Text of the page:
It was early morning on Saturday, July 11, 2015 when Cairo awoke to the sound of a huge explosion. Coming just 12 days after the assassination of Prosecutor General Hesham Barakat, and ten days after a massive assault on the city of Sheikh Zuwaid by Wilayat Sinai, the Islamic State’s local affiliate, residents feared the country’s widening terrorist insurgency had claimed another high-ranking official in the heart of mainland Egypt. It soon became apparent that the attack had instead targeted the Italian consulate, a rather soft diplomatic target. More significant than the target, however, was the quickly released statement claiming responsibility. Instead of a claim by Wilayat Sinai, the Islamic State mother organization itself took the credit.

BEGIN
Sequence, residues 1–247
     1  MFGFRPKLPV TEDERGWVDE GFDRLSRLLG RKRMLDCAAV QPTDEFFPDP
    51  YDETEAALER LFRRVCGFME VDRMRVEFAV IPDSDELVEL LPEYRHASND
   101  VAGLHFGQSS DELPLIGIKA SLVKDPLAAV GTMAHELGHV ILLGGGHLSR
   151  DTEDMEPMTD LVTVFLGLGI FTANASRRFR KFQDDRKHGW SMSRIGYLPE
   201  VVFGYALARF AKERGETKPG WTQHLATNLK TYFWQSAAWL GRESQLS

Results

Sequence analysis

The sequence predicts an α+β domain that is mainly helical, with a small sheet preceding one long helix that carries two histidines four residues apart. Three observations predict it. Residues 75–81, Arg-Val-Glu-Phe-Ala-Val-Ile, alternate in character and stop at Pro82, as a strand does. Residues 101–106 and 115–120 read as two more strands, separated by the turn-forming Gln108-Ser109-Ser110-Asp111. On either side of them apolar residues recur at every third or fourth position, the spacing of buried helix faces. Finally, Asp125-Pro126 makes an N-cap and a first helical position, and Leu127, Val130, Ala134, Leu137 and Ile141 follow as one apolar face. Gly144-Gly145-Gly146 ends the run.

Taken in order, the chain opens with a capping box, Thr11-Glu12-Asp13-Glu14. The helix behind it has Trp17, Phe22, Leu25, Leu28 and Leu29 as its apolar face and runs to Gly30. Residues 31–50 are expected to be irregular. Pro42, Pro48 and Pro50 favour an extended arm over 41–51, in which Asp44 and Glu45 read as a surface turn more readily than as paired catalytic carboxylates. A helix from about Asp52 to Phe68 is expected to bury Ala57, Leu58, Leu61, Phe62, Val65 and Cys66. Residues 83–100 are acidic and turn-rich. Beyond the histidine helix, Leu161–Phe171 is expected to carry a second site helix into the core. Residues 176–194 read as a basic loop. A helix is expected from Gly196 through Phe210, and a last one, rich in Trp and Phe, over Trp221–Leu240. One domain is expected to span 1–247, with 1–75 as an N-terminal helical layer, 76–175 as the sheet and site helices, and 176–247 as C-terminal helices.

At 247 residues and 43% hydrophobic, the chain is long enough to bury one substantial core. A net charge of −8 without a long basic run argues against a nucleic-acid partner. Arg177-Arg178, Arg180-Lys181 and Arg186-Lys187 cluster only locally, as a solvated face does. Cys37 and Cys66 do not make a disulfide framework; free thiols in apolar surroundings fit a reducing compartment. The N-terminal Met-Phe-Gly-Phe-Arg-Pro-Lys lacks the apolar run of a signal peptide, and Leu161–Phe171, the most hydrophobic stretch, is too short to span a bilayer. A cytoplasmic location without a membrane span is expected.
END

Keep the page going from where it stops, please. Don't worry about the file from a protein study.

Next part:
The following month in the early hours of August 20 residents in north Cairo awoke once again to a terrifying explosion. This time the target was a State Security building on the northern-most edge of the Cairo metropolis, and once again Islamic State took responsibility for the attack not Wilayat Sinai.
This raises significant questions regarding why the Islamic State would directly claim, and presumably conduct this attack and whether something was amiss in the relationship between the Islamic State in Raqqa and its Egyptian affiliate?
The above excerpt was originally published in Combating Terrorism Center Sentinel.
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